Negative comments can easily be turned into a soundbite and taken out of context. Repeating them breathes life into the statement. Try reframing the comment by using positive action verbs, or bridging back to your key messages.
Don’t be too demanding
When a journalist agrees to write a story about you, they are doing you a favour by giving you the opportunity to help tell it. Demanding that every one of your comments are edited, or that they don’t interview the competition, or even writing to a publication to insist on a particular reporter is a sure fire way to ruin a good relationship.
Don’t blame others
Passing the buck, especially when it's the competition, will lose you trust with your audience. It shows a lack of responsibility and pettiness, which harms your credibility.
Preparing for interviews
Whilst your key messages should always be the same, you will have to adapt your approach slightly depending on the format. In interviews, strong pre-existing relationships with journalists will really shine through.
There are some general rules you should observe before an interview, whatever the format:
- Find out who will do the interview
- Agree on the subjects beforehand
- Set limits on time if necessary
- Ask who else has already been interviewed on the subject (or will be)
- Make sure you know the goal of the interview
“Print and live interviews are very different of course. With print what you’re saying isn’t immediately broadcasted, so if you don’t have an answer to a certain question, you can look it up and come back to the journalist with a good response after the interview.”
Here are some pointers for different formats:
Preparing for a phone interview:
- Make sure you know when you are being recorded (assume the whole thing is recorded)
- Ask for feedback from journalists to see that they understand
- Double check who is on the other end of the line
- Double check where and when the info is being used
- Explain jargon and spell out tricky names/words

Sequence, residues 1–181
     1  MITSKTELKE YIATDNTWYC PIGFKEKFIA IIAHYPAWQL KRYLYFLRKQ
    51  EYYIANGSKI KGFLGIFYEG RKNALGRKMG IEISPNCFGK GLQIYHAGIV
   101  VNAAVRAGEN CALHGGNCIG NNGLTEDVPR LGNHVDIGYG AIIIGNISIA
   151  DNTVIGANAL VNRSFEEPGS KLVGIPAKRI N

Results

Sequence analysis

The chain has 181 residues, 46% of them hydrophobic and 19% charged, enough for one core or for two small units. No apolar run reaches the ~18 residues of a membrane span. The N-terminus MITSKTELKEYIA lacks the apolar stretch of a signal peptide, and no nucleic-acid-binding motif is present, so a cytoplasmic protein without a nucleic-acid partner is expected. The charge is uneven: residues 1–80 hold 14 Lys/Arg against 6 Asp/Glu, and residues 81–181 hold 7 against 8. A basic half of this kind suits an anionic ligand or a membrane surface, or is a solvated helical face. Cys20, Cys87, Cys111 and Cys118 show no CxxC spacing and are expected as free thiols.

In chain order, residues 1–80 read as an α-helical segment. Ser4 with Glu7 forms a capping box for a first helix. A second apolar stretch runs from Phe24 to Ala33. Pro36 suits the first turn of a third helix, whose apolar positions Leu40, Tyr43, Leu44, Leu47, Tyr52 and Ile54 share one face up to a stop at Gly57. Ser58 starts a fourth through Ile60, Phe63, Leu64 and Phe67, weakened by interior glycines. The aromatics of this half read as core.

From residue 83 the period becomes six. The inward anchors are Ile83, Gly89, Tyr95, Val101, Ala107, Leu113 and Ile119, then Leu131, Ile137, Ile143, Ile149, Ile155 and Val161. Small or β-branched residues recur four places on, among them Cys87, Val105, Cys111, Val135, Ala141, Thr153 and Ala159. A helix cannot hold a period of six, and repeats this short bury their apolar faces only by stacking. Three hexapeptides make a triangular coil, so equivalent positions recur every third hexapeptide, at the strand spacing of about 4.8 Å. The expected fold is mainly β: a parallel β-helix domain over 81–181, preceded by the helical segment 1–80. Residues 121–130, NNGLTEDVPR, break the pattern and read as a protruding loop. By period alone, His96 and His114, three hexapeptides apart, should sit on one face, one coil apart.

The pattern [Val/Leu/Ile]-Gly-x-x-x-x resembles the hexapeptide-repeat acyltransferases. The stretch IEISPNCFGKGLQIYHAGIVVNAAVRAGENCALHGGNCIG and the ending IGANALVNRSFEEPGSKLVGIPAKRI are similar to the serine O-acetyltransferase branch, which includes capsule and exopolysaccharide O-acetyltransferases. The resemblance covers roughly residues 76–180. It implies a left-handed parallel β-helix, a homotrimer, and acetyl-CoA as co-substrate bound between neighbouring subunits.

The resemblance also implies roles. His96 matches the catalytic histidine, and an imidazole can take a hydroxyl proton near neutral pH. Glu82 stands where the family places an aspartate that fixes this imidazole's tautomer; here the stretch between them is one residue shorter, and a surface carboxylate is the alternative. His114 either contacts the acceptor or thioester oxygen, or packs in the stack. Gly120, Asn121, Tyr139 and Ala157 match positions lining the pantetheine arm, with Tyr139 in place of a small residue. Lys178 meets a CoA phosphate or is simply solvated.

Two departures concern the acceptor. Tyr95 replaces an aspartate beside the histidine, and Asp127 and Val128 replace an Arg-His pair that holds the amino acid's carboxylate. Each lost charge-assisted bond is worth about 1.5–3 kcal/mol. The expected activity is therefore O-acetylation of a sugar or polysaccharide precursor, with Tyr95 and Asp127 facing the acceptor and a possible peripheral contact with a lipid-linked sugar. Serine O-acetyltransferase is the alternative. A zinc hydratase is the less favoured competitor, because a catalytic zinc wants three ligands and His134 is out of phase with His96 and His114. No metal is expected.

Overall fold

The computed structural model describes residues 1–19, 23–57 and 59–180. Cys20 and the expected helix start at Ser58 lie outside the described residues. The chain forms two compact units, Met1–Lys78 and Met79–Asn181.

- Agree on the time beforehand
- Ask beforehand if you can read the article before publication
Preparing for a radio interview:
- Try to avoid saying things like ‘ummm, ahhh, kinda, you know” (practice speaking without these words in role play)
- Stick to your key messages- radio tends to be less in depth than print
- Use some intonation here- without body language you will need to express yourself with just your voice. Avoid speaking in monotone, it will send the listener to sleep.
Preparing for a television interview:
- Try not to look at yourself in the monitor (see if you can practice on a set beforehand)
- Look at the reporter, not the camera (unless the tell you otherwise)
- Ask for a chair with no wheels/ that does not swivel
- As explained above, speak in soundbites (10-20 seconds)
- Pause after long answers
- Don’t do weird things with your arms
- Do an earphone check and ask what to do if it falls out
What to do if you find yourself in a crisis situation?
Whilst we would love it if all the issues we communicate about were positive, in the modern world, it’s not very likely. At some point, your organisation will need to manage crises; whether that’s communicating on an internal issue, or giving a response to an external event. Companies are expected to take a stance on important social issues, if they don’t, people simply won’t buy into them. The 2018 Edelman Earned Brand study showed that 64% of consumers around the world now buy on belief.
Crisis communication requires some finesse, but there are some general rules to follow. According to research, the key to responding effectively is to respond quickly, accept responsibility (if there is some), and communicate from the top.
“A PR person can really help you in a crisis situation. Companies need to have someone who tells their story well and can guide people internally to tell that story. It should be someone who knows how the media works, and what questions journalists are likely to ask. What might the sensitive questions be? They need to prepare for them.”
- Hugo Stienstra, AkzoNobel
In order to prepare for a crisis, it’s important to have a plan. Imagine all the scenarios that could happen. Think about how you will respond, and who will be responsible for each action. You can never quite predict how a crisis will unfold, but with a clear plan and thorough training, you are much more likely to respond well. Below is the timeline of a crisis, and all the things you will have to consider at each stage:
Train yourself and your staff
Think of training as stage rehearsals for a play- a well practiced theatre group is much more likely to nail their performance when the curtain rises. Conduct role plays, develop clear company protocol, and write thorough briefing books. Remember, failing to prepare is preparing to fail.